When you’re applying for a job, there is no shortage of advice telling you how to write a cover letter, but what about your CV? Your curriculum vitae (CV) tells the employer everything they need to know about your past experience, education, and skills. It’s not just a laundry list of facts; it’s an opportunity for you to tell your story and explain how it relates to the job at hand.
If you want to create anything less than an outstanding CV, skip this post and move on. But if you want tips that will help get your foot in the door (and keep it there), read on!
Create a CV Template
While it may seem like a lot of work at first, creating your own template is worth the effort. It will save you time and make writing your CV much easier in the long run. Here’s how to create a useful CV template:
Decide what information you think will be most helpful for potential employers or schools to have access to on your CV. Include relevant coursework that helped prepare you for jobs or internships, internship experience, extracurricular activities, leadership positions, and awards won during college or after graduation.
Create sections that are easy to understand and update. For example, if we were creating an account executive’s resume, we would include sections with headings such as “Professional Experience,” “Education” (including high school diploma/GED), and “Skills & Abilities” (including any computer programs used regularly over the years).
Next, create a format that can easily be read and understood by someone who doesn’t know you. An excellent way to do this is by using bullet points or short phrases in each section. This makes it easy for employers to scan through your resume and quickly find what they’re looking for, and it also allows them to see how well-organized you are.
Think of Your CV as an Opportunity to Tell a Story About Yourself
If you haven’t already, it’s time to think of your CV as an opportunity to tell a story about yourself. This involves thinking about what you’ve done and what people have learned from you. Your CV should be an opportunity for someone who reads it to know who you are, what your accomplishments are, and what kind of person they’ll be working with if they hire you.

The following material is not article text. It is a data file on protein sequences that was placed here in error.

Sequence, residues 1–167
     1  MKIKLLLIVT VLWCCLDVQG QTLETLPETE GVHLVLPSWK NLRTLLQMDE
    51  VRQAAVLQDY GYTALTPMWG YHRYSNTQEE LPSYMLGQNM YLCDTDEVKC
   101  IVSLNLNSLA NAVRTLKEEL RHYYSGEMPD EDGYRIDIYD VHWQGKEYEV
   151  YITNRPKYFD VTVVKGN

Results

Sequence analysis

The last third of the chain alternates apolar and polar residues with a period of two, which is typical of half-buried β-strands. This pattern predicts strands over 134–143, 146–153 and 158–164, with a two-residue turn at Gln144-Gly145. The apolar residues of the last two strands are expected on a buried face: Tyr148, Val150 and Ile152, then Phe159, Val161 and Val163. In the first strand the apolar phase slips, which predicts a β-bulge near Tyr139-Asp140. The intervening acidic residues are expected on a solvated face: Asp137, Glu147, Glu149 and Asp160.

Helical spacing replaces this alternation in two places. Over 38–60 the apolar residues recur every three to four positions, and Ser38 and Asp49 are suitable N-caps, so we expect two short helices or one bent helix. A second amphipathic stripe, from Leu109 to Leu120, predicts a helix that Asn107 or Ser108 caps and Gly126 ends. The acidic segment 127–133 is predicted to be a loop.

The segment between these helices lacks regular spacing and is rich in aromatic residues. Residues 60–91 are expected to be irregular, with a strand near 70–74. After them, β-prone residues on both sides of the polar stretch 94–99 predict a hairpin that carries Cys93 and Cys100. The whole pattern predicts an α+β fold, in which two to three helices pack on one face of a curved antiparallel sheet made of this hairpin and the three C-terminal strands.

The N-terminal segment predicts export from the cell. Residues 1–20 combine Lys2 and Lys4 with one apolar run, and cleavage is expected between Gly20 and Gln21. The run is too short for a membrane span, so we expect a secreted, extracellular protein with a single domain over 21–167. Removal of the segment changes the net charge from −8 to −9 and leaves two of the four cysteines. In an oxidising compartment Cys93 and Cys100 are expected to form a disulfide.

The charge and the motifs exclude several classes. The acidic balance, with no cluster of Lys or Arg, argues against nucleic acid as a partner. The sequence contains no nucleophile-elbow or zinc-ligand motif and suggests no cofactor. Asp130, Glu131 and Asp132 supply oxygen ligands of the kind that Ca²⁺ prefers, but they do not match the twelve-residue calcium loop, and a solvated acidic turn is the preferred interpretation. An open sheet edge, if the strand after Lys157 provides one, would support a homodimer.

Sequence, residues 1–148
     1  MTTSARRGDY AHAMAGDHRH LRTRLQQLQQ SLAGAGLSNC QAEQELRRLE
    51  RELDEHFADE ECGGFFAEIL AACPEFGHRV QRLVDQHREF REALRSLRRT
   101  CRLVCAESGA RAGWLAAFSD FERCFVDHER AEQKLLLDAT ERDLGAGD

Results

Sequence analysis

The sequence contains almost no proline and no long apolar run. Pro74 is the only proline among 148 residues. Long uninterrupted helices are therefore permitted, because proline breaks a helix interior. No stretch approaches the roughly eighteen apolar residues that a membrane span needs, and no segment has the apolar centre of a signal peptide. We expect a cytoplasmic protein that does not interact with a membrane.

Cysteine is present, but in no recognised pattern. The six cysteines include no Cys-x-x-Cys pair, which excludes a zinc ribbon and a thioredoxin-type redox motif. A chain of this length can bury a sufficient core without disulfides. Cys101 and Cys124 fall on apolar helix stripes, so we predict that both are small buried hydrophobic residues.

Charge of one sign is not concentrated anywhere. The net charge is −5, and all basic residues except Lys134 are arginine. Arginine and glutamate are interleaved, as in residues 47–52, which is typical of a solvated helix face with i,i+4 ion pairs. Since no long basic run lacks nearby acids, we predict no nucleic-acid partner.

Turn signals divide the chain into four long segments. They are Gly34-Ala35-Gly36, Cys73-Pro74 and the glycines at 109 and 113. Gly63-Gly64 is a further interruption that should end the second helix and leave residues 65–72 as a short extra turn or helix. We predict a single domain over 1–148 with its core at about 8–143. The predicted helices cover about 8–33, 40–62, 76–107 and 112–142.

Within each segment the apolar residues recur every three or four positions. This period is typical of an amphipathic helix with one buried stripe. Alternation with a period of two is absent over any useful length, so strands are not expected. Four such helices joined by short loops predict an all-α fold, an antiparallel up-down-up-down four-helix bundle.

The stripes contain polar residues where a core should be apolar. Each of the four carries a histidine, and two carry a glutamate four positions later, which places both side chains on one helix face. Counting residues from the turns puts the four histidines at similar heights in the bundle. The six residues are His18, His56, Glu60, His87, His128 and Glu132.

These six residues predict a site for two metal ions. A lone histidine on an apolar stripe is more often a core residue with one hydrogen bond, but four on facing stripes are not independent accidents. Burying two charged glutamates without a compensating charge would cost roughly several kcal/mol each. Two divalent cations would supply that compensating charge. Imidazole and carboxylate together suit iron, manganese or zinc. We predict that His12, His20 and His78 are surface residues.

Include Your Personal Information
It’s important to include your personal information, including:
- Name, address, and phone number: Make sure you have this information handy, so you can make changes quickly when needed. Include a mailing address for where mail can be sent if necessary.
- Date of birth: Again, ensure this is correct and up to date. You don’t want any surprises later down the line.
- Marital status: Single or married? As well as gender, national origin, citizenship status, religion, and ethnicity (if applicable).
List Your Work Experience, Education, and Skills
In the section about your work experience, the interviewer can see your career path and how it fits with their job. List your skills in reverse order of when you learned them (most recent first). If you don’t know much or anything about the job in the real world, you should put education before this section.
Put your most recent education and dates at the top of the list. You can list the type of degree you have, the title of your dissertation, the courses you’ve taken, your professional qualifications, and your best academic achievements that are relevant to the job.
Write an Objective or Summary Statement
A summary statement is a short paragraph that summarizes your skills, experience, and personal qualities. It should be no more than one or two sentences in length. The summary statement should also be written in the first person (“I am…”), reflecting how you see yourself.
If you are just beginning your career and don’t have much experience yet, this may feel like an impossible task for you-how can someone summarize their entire life’s work in just two sentences?! But trust me: it can be done!
As with the objective or career goal section above, ensure that whatever comes out of this represents what matters most to you, not what someone else thinks would help get them interested in hiring you.
The summary statement is also an opportunity for you to highlight any special skills or experiences that are relevant to your field but may not be obvious from your work history. For example, if you’ve worked as a volunteer at a local animal shelter for many years and this experience has given you excellent customer service skills and fostered your compassion for animals in need, then by all means include it.
Remember, your CV is likely to be the only thing an employer reads before deciding whether or not to interview you. So, make sure it’s good!